11 Saul sent messengers to David’s house to watch him, that he might kill him in the morning. But Michal, David’s wife, told him, “If you do not escape with your life tonight, tomorrow you will be killed.” 12 So Michal let David down through the window, and he fled away and escaped. 13 Michal took an image1 and laid it on the bed and put a pillow of goats’ hair at its head and covered it with the clothes. 14 And when Saul sent messengers to take David, she said, “He is sick.” 15 Then Saul sent the messengers to see David, saying, “Bring him up to me in the bed, that I may kill him.” 16 And when the messengers came in, behold, the image was in the bed, with the pillow of goats’ hair at its head. 17 Saul said to Michal, “Why have you deceived me thus and let my enemy go, so that he has escaped?” And Michal answered Saul, “He said to me, ‘Let me go. Why should I kill you?’”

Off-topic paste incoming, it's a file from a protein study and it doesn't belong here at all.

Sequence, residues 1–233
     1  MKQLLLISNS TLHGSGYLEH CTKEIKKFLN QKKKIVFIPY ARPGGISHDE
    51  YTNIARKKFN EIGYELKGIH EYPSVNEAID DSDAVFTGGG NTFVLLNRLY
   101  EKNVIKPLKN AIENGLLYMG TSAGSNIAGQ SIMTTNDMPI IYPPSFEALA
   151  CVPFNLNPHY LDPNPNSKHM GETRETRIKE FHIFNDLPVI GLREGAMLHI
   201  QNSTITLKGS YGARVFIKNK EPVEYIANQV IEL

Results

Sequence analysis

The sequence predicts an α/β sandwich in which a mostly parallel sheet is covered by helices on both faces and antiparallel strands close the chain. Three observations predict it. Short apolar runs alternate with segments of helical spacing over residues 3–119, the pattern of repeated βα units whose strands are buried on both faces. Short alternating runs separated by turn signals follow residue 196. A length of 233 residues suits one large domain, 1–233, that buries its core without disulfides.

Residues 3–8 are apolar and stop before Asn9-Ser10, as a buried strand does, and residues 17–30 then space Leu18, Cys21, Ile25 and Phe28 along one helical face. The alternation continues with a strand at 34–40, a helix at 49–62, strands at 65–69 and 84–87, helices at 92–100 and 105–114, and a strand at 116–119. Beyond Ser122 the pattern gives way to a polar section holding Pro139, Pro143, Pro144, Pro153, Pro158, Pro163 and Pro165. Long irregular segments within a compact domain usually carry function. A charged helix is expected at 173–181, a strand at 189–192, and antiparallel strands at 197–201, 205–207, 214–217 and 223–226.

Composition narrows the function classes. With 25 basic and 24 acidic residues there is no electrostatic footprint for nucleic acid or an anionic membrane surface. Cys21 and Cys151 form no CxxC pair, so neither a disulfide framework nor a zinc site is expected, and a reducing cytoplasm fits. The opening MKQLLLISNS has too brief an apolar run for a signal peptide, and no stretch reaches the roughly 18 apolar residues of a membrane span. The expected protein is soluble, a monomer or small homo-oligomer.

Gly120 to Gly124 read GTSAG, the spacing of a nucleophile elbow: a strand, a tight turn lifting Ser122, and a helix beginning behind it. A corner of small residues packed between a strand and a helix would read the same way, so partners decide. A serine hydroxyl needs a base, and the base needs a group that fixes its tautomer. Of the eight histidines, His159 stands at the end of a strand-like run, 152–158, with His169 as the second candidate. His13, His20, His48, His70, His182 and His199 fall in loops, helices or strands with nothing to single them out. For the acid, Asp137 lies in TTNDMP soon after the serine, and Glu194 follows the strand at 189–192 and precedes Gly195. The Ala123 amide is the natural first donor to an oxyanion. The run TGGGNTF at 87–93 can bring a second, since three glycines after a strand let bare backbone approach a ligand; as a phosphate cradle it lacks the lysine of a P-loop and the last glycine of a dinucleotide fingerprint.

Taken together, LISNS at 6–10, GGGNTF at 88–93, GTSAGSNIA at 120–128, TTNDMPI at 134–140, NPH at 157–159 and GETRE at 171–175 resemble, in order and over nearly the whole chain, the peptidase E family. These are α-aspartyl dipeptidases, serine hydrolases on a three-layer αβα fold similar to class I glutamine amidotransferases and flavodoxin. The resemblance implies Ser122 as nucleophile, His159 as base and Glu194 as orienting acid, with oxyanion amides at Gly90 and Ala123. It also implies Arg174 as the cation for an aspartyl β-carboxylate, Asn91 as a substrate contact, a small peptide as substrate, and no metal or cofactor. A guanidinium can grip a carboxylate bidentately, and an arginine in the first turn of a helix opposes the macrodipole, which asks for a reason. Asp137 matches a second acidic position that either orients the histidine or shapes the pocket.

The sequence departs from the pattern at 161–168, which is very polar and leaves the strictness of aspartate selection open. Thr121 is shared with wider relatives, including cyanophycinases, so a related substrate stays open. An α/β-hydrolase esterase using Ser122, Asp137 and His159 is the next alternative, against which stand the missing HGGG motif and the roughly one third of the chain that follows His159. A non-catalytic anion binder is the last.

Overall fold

18 Now David fled and escaped, and he came to Samuel at Ramah and told him all that Saul had done to him. And he and Samuel went and lived at Naioth. 19 And it was told Saul, “Behold, David is at Naioth in Ramah.” 20 Then Saul sent messengers to take David, and when they saw the company of the prophets prophesying, and Samuel standing as head over them, the Spirit of God came upon the messengers of Saul, and they also prophesied. 21 When it was told Saul, he sent other messengers, and they also prophesied. And Saul sent messengers again the third time, and they also prophesied. 22 Then he himself went to Ramah and came to the great well that is in Secu. And he asked, “Where are Samuel and David?” And one said, “Behold, they are at Naioth in Ramah.” 23 And he went there to Naioth in Ramah. And the Spirit of God came upon him also, and as he went he prophesied until he came to Naioth in Ramah. 24 And he too stripped off his clothes, and he too prophesied before Samuel and lay naked all that day and all that night. Thus it is said, “Is Saul also among the prophets?”
Or a household god
1 Samuel 14-18 (5.21.22)